|Alice meets and falls in love with a divorced rancher named David, whose wife left him and took their children; David becomes Tommy's guitar teacher.||Alice does not get involved in a serious relationship until the last season.|
|Alice and Flo were around the same age.||Flo was roughly ten years older than Alice.|
|Flo had blonde hair. She was in a crumbling marriage and her husband was not speaking to her. She had a daughter to support and flirted with and accepted passes from her male customers, but never dated any of them. She had a number of one-liners, including "You can kiss me where the sun don't shine."||Flo had red hair, was divorced three times and had no children. She lived by herself in a trailer park, dated many men, and her usual catch phrase was "Kiss my grits!"|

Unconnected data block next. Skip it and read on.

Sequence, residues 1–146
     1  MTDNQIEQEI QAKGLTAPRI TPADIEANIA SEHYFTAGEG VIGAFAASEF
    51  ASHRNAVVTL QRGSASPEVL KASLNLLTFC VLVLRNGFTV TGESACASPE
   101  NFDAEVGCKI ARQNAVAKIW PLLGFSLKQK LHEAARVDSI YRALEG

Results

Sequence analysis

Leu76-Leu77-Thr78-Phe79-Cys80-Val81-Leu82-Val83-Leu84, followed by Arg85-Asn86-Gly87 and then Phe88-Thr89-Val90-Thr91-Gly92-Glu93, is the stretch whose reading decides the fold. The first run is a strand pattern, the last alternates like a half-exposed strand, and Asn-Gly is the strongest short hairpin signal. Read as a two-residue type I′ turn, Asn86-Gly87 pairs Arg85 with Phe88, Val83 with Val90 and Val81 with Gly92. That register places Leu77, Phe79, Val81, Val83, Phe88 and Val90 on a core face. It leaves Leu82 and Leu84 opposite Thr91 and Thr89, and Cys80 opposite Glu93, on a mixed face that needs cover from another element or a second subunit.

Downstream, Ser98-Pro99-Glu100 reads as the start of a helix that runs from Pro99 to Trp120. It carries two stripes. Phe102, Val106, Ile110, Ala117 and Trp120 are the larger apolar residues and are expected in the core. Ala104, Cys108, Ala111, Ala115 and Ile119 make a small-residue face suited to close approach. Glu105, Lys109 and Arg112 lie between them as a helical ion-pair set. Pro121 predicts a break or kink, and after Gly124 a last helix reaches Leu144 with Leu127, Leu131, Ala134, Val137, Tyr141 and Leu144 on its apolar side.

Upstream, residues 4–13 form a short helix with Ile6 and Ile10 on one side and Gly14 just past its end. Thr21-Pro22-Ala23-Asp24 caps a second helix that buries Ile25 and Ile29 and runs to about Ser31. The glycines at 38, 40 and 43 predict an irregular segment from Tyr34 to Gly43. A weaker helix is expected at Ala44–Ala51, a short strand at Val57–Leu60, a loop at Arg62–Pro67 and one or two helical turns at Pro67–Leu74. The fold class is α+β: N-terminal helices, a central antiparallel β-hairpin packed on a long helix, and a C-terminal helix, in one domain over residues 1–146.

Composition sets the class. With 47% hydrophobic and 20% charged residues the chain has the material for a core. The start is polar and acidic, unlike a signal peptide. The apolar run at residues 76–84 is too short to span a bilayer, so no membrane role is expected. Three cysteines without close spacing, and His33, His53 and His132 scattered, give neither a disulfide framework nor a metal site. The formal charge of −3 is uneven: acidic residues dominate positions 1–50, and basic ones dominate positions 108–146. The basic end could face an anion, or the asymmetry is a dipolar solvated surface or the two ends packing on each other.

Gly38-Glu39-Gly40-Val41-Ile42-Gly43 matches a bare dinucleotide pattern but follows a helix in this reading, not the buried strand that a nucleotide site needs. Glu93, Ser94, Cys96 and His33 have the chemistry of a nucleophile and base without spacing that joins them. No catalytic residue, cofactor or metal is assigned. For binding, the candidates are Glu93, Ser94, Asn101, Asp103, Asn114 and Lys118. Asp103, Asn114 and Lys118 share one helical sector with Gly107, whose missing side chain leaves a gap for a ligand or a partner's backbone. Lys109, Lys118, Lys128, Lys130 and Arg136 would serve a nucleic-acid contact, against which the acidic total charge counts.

|Vera had a low, quiet voice; she was taken to and from work by her father; she was shy and somewhat awkward, but was not "dumb".||Vera had a high voice that was fairly loud; she lived alone in an apartment that was located at an unknown distance from the diner; she was extremely clumsy, and rather slow-witted.|
|1982-1983||Not in Top 30|
On June 27, 2006, 6 episodes of Alice were released on DVD as part of the Warner Brothers' Television Favorites Compilation. The episodes were hand picked by fans at SitcomsOnline.com and are as follows: